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Security experts are tracking a new malware variant, targeting the MySQL open-source database, which has likely infected thousands of Windows systems.
According to a report posted on the SANS Institute's Internet Storm Center site by SANS chief technology office Johannes Ullrich, the attacking code is a variant of an existing strain of nework "bot" known as "Wootbot." This variant is especially notable, said experts, since it is one of the first to target MySQL.
As with similar types of malware, the bot runs in the background, allowing MySQL to run normally while it contacts a remote Internet Relay Chat (IRC) server for additional instructions. In the report, Ullrich states that the bots' target IRC server was busy and unable to accept new connections when researchers last attempted to contact it. On earlier attempts, the IRC server showed around 8,500 connections, all of them likely due to infected MySQL installations.
According to Ullrich, the bot includes featues often found with this type of malware, including a DDoS (Distributed Denial of Service) capability, backdoor access to the server, and instructions to gather software keys and other sensitive information. Currently, however, none of these features are active; the only action the bot takes is to scan the Internet and local networks looking for vulnerable MySQL installations to infect.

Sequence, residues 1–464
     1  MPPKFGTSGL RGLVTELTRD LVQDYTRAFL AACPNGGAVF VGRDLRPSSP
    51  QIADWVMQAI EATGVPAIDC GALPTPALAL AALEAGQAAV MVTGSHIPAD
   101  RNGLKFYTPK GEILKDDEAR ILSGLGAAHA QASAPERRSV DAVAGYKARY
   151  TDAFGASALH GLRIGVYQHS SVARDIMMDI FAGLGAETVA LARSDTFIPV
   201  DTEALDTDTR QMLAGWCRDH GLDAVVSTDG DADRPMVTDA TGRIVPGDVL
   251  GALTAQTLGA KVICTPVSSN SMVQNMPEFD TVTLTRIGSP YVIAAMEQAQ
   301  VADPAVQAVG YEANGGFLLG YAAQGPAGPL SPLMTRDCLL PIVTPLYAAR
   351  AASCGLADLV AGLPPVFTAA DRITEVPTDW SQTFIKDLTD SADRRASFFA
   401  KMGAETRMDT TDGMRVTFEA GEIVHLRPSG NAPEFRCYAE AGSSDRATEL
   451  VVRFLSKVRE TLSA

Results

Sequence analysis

The bot surfaced Wednesday, when a developer on an Australian Web forum reported an unknown application named "spoolcll.exe" that repeatedly tried to contact an IRC server in Sweden.
The bot, Ullrich noted, does not exploit a weakness in the MySQL code; rather, it carries a list of common passwords and launches a brute-force attack to access the root MySQL account. Administrators who use strong passwords, allow root access only from the local host, and apply strict firewall rules are unlikely to be compromised, he stated.
Unix and Linux systems running MySQL currently are not at risk from the bot.
MySQL, made by Swedish firm MySQL AB, is a popular open-source database often used to serve dynamically generated Web content or Web-based applications. According to MySQL AB, more than 5 million copies of the database are installed worldwide, including both Windows and non-Windows versions.